On April 5, Daily Journal reporter Taylor Vance reported that Mississippi House Rep. Brent Powell, R-Brandon, who authored H.B. 1510, modeled it after a similar Ohio law. Vance noted that, in 2020, Ohio flagged only 13 possible cases in which noncitizens may have attempted to vote out of 6 million voters.
“Voting by non-citizens is not a problem in Mississippi,” McDuff told the Mississippi Free Press. “The only problem was the flawed database the secretary of state was using to address this non-existent problem. Fortunately, H.B. 1510 will decrease the number of false flags coming from that process.”
While running for office in 2019, Mississippi Secretary of State Michael Watson vowed to flag citizenship status for new voter registrants. On Twitter today, he praised Reeves’ decision to sign the bill.
“Ensuring only US citizens are voting in our elections has been a priority of mine since well before my time as Secretary of State,” Watson wrote. “This is more than a talking point for me. I’m glad to see the Governor finally join us in our efforts!”
‘This Is A Win For Mississippi’
In his video message, Gov. Reeves did not explain that the law’s requirement for cross-referencing a second database could prevent the improper removal of naturalized citizens from the voting rolls. The Republican governor instead spoke about the law, which he said will “ensure Mississippians can have faith in our democratic process,” in partisan terms.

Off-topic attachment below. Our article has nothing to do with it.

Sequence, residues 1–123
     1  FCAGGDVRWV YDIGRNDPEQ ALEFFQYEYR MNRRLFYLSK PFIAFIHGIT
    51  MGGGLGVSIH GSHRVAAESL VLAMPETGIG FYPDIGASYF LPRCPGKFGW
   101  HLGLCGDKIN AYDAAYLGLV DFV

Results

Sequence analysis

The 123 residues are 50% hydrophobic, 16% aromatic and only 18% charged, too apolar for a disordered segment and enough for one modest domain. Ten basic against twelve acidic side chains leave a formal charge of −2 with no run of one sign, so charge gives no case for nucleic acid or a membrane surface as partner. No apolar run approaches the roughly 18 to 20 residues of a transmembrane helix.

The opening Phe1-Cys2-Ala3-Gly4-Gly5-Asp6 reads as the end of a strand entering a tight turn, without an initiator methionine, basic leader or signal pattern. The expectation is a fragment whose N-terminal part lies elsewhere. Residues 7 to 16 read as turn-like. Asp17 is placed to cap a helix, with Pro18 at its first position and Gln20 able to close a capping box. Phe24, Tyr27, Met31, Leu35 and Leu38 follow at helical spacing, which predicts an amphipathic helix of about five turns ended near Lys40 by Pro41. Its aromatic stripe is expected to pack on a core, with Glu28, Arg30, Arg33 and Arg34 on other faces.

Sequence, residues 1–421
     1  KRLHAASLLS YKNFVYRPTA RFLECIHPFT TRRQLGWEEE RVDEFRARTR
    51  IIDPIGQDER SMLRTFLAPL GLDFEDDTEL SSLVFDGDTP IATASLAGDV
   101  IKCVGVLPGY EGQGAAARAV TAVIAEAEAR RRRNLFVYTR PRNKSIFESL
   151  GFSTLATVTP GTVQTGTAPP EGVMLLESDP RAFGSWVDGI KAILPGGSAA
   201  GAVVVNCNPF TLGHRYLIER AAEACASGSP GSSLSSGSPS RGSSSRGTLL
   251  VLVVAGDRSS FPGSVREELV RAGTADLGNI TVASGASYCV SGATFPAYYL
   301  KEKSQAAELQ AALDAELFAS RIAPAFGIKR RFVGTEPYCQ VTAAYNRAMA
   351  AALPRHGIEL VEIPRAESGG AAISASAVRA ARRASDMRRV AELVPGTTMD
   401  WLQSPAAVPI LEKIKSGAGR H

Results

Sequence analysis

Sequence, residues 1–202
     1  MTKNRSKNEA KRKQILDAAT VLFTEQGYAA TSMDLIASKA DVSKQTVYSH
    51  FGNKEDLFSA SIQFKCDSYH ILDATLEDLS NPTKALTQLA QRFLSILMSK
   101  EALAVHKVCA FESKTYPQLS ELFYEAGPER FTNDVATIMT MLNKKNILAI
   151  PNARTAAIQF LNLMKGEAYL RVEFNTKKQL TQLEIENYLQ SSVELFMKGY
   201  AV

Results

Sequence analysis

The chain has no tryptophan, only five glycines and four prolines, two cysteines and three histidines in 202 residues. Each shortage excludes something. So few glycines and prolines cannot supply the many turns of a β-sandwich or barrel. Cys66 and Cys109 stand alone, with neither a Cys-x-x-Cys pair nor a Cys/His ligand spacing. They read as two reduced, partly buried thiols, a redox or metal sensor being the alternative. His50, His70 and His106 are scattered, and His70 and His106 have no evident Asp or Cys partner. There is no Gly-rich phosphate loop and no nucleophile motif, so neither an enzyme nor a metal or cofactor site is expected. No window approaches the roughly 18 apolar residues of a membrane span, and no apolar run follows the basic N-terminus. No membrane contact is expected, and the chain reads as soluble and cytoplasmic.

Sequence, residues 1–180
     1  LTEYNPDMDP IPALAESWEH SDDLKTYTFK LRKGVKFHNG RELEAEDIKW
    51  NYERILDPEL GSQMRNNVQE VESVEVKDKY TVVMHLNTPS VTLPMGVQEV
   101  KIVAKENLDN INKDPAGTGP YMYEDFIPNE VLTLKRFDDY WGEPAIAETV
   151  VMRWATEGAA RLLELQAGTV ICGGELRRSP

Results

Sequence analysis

“Now, there will be those on the left who will claim we are making it harder for American citizens to vote. Those claims are false. No one will be denied an opportunity to cast a ballot,” he said. “… If you are a citizen of our great country, you will be able to vote in Mississippi. Ironically, it was President Bill Clinton who signed into law legislation that made it illegal for noncitizens to vote in federal elections. That’s a part of history I’m sure liberals have forgotten.”
After negotiations between the legislative chambers, the final version of H.B. 1510 passed the Mississippi House and Senate on March 30. In both chambers, all Republican votes were in favor of the bill. House Democrats overwhelmingly voted for it, too, with 39 for it and five against; Senate Democrats largely opposed it with two in favor and 13 against.
In his April 5 report, Taylor Vance wrote that Sen. David Blount of Jackson, the Democratic vice chairman of the elections committee, acknowledged that H.B. 1510 would resolve the MCJ lawsuit, but voted against it anyway. The senator expressed concerns that passing the bill would increase a false perception that undocumented immigrants are currently voting in Mississippi elections.
In his video message on Thursday morning, Reeves pointed out that New York City is extending voting rights to around 800,000 noncitizens for local elections there.
“Well, we’re not going to allow liberals, whether they’re in New York or Washington, D.C., to tell us how to run our elections,” the Mississippi governor said moments after signing the law that will allow a federal database to determine Mississippi voter eligibility.
“This law is a win for Mississippi and for all who value free and fair elections. I am incredibly proud to have signed it into law.”